LaRue County, Kentucky facts for kids
|LaRue County, Kentucky|
Location in the state of Kentucky
Kentucky's location in the U.S.
264 sq mi (684 km²)
262 sq mi (679 km²)
2.1 sq mi (5 km²), 0.8%
54/sq mi (21/km²)
|Time zone||Eastern: UTC-5/-4|
|Named for: John LaRue|
LaRue County is a county located in the center of the U.S. state of Kentucky, outside the Bluegrass Region and larger centers of population. As of the 2010 census, the population was 14,193. Its county seat is Hodgenville, a city best known as the birthplace of United States President Abraham Lincoln. The county was formed on March 4, 1843 from portions of Hardin County and named after John LaRue, an early settler.
LaRue County is included in the Elizabethtown-Fort Knox, KY Metropolitan Statistical Area, which is also included in the Louisville/Jefferson County-Elizabethtown-Madison, KY-IN Combined Statistical Area.
LaRue is a prohibition or dry county.
According to the U.S. Census Bureau, the county has a total area of 264 square miles (680 km2), of which 262 square miles (680 km2) is land and 2.1 square miles (5.4 km2) (0.8%) is water.
- Nelson County (northeast)
- Marion County (east)
- Taylor County (southeast)
- Green County (south/CST Border)
- Hart County (southwest/CST Border)
- Hardin County (northwest)
National protected area
- Abraham Lincoln Birthplace National Historic Site
|U.S. Decennial Census
As of the census of 2000, there were 13,373 people, 5,275 households, and 3,866 families residing in the county. The population density was 51 people per square mile (20/km²). There were 5,860 housing units at an average density of 22 per square mile (9/km²). The racial makeup of the county was 94.65% White, 3.54% Black or African American, 0.19% Native American, 0.16% Asian, 0.03% Pacific Islander, 0.34% from other races, and 1.10% from two or more races. 1.05% of the population were Hispanic or Latino of any race.
There were 5,275 households out of which 32.50% had children under the age of 18 living with them, 59.20% were married couples living together, 10.50% had a female householder with no husband present, and 26.70% were non-families. 23.70% of all households were made up of individuals and 11.20% had someone living alone who was 65 years of age or older. The average household size was 2.49 and the average family size was 2.94.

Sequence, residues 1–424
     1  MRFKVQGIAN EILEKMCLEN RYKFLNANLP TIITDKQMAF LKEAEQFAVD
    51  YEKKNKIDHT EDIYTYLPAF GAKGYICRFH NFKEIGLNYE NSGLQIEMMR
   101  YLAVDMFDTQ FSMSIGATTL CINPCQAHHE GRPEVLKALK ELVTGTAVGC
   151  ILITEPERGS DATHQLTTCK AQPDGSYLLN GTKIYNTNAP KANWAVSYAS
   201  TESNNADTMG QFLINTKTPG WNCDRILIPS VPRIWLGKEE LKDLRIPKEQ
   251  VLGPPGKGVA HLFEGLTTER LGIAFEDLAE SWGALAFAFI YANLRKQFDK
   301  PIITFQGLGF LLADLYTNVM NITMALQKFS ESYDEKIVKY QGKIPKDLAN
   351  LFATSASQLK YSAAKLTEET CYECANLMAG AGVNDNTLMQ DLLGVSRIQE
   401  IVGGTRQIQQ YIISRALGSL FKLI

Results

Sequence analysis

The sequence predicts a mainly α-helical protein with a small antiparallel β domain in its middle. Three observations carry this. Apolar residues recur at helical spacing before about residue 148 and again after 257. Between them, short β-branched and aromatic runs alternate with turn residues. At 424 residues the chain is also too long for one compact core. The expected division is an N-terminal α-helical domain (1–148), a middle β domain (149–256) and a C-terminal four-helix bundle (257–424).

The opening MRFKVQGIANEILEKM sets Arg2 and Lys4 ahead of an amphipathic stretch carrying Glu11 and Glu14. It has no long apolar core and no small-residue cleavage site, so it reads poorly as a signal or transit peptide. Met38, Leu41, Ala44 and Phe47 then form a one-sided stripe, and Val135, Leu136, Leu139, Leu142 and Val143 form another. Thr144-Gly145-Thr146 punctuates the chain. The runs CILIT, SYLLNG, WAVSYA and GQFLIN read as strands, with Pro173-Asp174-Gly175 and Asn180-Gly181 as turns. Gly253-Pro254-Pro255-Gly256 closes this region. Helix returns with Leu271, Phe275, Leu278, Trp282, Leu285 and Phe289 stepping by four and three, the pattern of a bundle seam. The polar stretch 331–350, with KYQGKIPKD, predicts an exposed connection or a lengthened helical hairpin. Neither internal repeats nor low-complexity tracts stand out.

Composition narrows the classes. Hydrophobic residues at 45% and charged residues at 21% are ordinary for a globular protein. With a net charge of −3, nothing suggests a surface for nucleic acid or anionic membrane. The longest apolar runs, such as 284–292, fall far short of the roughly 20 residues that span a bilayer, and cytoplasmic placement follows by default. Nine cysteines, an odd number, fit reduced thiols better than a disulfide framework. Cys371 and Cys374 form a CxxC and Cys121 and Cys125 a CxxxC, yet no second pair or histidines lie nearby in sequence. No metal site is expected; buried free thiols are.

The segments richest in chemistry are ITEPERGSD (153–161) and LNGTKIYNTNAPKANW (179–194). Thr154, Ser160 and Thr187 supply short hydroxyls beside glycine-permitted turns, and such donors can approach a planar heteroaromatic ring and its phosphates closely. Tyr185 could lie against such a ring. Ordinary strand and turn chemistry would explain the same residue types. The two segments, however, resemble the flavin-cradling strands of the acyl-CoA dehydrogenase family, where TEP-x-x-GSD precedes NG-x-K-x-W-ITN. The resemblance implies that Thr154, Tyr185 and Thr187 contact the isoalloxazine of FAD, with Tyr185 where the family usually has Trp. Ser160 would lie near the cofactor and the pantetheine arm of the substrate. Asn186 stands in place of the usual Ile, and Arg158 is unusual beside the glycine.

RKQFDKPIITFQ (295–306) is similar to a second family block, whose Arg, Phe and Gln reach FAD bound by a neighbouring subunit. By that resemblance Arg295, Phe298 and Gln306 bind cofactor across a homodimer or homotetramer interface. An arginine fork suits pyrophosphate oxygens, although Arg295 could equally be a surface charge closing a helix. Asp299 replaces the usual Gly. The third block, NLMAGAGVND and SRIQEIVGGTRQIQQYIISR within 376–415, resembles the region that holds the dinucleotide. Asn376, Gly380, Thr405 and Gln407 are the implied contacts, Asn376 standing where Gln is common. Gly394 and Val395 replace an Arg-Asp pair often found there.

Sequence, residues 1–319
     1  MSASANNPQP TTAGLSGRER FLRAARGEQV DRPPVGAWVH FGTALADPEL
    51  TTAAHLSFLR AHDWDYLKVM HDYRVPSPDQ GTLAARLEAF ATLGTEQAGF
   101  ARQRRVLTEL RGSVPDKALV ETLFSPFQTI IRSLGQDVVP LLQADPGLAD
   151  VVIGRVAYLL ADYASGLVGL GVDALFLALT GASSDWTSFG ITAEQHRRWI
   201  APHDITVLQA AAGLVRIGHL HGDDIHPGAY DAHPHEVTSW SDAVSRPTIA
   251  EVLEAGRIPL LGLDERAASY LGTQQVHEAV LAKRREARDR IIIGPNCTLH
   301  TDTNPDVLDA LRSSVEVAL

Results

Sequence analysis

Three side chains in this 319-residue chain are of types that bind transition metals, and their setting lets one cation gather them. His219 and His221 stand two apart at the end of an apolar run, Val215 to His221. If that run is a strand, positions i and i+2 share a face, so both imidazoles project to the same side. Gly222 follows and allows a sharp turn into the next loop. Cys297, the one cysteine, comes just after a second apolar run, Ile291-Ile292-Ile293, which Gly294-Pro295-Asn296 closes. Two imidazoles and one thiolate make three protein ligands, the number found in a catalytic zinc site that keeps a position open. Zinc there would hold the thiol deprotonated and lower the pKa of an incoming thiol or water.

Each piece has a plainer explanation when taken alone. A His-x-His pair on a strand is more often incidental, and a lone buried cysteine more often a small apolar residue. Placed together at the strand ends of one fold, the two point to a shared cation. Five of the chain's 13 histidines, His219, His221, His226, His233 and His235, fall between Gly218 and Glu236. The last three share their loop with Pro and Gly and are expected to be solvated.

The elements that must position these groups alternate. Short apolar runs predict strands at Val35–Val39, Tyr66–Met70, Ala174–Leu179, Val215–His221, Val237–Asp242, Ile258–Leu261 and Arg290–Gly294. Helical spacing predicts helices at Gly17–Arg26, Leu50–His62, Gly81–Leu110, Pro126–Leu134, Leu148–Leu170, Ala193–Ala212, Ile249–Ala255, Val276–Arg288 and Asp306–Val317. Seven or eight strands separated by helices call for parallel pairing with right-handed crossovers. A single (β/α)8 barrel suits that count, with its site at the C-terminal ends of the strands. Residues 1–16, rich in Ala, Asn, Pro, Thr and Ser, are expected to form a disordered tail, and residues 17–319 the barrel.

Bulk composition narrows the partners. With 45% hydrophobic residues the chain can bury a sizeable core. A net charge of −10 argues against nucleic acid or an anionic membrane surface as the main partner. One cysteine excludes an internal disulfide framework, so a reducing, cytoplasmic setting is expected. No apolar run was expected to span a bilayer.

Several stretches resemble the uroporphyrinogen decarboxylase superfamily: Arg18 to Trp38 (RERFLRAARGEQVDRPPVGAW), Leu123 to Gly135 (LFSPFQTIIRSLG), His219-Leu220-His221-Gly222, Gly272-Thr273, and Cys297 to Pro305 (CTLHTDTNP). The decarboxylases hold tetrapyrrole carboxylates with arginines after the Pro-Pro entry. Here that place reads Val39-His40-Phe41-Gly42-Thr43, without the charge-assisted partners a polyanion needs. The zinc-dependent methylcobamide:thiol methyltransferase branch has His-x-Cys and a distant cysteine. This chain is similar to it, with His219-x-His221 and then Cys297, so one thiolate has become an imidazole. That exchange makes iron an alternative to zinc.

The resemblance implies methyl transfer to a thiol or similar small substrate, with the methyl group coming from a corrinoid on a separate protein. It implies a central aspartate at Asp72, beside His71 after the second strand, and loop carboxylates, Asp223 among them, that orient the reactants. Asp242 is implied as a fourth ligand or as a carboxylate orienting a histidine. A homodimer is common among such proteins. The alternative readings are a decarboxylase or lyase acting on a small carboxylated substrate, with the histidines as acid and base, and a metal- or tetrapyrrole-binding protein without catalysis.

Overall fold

In the county, the population was spread out with 25.00% under the age of 18, 7.70% from 18 to 24, 28.20% from 25 to 44, 24.00% from 45 to 64, and 15.00% who were 65 years of age or older. The median age was 38 years. For every 100 females there were 95.40 males. For every 100 females age 18 and over, there were 92.90 males.
The median income for a household in the county was $32,056, and the median income for a family was $37,786. Males had a median income of $30,907 versus $20,091 for females. The per capita income for the county was $15,865. 15.40% of the population and 12.60% of families were below the poverty line. Out of the total people living in poverty, 18.90% are under the age of 18 and 16.40% are 65 or older.
Other unincorporated places
The county sponsors the annual Lincoln Days celebration, which takes place on the first full weekend of each October. The festival is Friday through Sunday. Highlights include the Lincoln Look-A-Like contests, rail-splitting competitions, a parade at noon on Saturday, shopping booths and concerts by local talent (mostly country, bluegrass and Southern gospel).
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